The Law Q&A | Pardons and the power of the president

The Law Q&A | Pardons and the power of the president

Earlier this month, the 45th president of the United States granted a pardon to Army Lt. Michael Behenna, who had been convicted by a courts-martial panel for the unlawful killing of an Iraqi who was in custody.

The New York Times recently reported that POTUS 45 is contemplating pardoning several other service men or Blackwater security contractors who have been convicted or stand charged with the killing of unarmed civilians or enemy captives.

Can a president pardon a person charged or convicted under U.S. law with war crimes? What war crimes?

Article II, Section 2, Clause 1 of the U.S. Constitution gives the president power of reprieves and pardons for "offenses against the United States, except in cases of Impeachment."

The convictions at issue arise from violations of the U.S. Uniform Code of Military Justice (UCMJ).

Article I, Section 8 of the Constitution gives Congress the power to regulate American land and naval forces. Passed by Congress in 1950 (taking effect near Memorial Day in 1950), the UCMJ is a rewriting of what was earlier called the Articles of War in effect with the military since the nation's birth.

The UCMJ is comprehensive to the conduct of all personnel from the highest to lowest ranks in all services, including Coast Guard and NOAA Commissioned officers and Public Health Service personnel when attached to a military unit or militarized by the President during a national emergency or declaration of war.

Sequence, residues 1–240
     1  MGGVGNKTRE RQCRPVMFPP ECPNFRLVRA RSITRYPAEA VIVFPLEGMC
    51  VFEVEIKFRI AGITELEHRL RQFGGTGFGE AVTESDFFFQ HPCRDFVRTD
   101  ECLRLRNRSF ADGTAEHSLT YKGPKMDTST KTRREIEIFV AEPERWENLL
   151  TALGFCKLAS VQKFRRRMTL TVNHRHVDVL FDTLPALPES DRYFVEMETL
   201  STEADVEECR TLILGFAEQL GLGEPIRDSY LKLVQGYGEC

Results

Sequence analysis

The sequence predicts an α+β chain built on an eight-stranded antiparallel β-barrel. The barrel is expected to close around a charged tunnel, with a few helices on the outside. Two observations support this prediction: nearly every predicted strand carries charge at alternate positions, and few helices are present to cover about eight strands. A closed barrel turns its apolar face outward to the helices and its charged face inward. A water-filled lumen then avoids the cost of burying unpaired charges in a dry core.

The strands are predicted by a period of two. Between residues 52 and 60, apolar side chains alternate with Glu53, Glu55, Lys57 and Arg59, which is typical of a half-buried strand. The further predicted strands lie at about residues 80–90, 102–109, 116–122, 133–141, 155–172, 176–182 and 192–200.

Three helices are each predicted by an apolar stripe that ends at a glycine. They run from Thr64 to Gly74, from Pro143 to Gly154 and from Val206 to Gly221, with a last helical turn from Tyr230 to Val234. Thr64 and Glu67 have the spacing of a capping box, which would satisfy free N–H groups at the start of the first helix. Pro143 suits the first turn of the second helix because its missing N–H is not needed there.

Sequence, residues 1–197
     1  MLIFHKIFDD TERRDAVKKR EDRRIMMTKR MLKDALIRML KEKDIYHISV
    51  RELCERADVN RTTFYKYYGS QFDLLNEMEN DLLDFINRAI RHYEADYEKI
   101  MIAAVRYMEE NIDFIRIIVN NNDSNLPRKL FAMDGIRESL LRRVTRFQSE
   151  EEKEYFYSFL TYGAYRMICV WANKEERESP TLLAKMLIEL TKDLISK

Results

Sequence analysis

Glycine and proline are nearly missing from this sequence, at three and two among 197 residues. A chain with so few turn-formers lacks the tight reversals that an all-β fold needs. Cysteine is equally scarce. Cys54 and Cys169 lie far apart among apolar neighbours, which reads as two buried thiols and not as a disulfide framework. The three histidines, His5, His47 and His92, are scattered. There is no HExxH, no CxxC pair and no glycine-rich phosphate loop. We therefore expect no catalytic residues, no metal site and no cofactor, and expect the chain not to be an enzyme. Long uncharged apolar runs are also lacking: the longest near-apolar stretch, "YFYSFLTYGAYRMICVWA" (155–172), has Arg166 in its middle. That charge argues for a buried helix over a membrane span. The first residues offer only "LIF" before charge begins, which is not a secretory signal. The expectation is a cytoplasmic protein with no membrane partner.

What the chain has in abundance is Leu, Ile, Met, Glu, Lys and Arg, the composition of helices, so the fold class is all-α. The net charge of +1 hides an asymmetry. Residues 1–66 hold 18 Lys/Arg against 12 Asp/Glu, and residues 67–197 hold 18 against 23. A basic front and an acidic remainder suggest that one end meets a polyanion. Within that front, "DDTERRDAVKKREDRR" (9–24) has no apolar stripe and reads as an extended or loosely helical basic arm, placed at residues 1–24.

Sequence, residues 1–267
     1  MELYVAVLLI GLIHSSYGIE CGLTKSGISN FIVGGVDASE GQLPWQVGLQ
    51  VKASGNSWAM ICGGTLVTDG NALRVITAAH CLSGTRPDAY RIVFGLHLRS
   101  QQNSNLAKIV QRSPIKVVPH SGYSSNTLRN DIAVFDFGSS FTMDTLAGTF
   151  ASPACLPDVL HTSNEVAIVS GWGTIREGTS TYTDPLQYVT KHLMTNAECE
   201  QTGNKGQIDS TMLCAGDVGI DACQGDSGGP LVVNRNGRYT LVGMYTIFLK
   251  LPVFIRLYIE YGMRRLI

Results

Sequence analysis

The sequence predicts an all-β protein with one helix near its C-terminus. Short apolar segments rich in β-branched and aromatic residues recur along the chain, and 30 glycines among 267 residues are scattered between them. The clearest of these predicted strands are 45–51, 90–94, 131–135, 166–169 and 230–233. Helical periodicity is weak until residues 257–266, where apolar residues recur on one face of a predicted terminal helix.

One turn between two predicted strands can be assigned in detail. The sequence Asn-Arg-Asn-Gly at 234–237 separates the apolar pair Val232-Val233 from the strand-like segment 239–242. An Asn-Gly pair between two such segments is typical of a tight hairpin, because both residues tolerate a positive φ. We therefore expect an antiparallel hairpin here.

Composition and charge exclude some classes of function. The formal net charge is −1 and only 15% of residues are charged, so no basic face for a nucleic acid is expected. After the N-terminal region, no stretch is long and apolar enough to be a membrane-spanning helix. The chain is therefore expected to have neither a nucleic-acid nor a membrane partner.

Reservists and National Guard are generally subject to the UCMJ if they are in full-time support on active duty or performing part-time inactive duty, or are retired reservists being treated in an armed forces hospital.

The application of its laws is to all such service personnel regardless of their location around the planet.

The UCMJ sets forth extensive due process procedures for the bringing of criminal charges against an accused.

For serious breaches of the UCMJ, courts-martial are held to determine guilt. These are trials presided over by a military judge and decided by the judge or a panel of officers who weigh the evidence. Convictions are reviewed by the commanding officer, who refers the case for a court-martial, and he/she has discretion to mitigate or set aside convictions or send back for rehearings.

If the commander approves a conviction and sentence, it can be reviewed by an intermediate criminal court for the four main services: Army, Navy-Marines, Air Force and Coast Guard. The loser in the intermediate courts can then appeal to the U.S. Court of Appeals for the Armed Forces. The U.S. Supreme Court has discretionary review of death penalty and certain certified cases.

Critics of POTUS 45's past pardon and possible future pardons for war crimes — a criticism coming from many current and former servicemen and women — is the possible degradation of unit morale and control that such pardons might cause. Who needs to follow the rules of war if the C-in-C will grant me a pardon?

Armies of democracy must not be mere gangs of thugs.

The American cemetery above Omaha Beach is testament to an Army of democracy which defeated a thuggish army led by a thug who tried to make a grave of the world.

Remember to chew on that thought during your cookout this Memorial Day weekend.

Brett Kepley is a lawyer with Land of Lincoln Legal Aid Inc. You can send your questions to The Law Q&A, 302 N. First St., Champaign, IL 61820. Questions may be edited for space.

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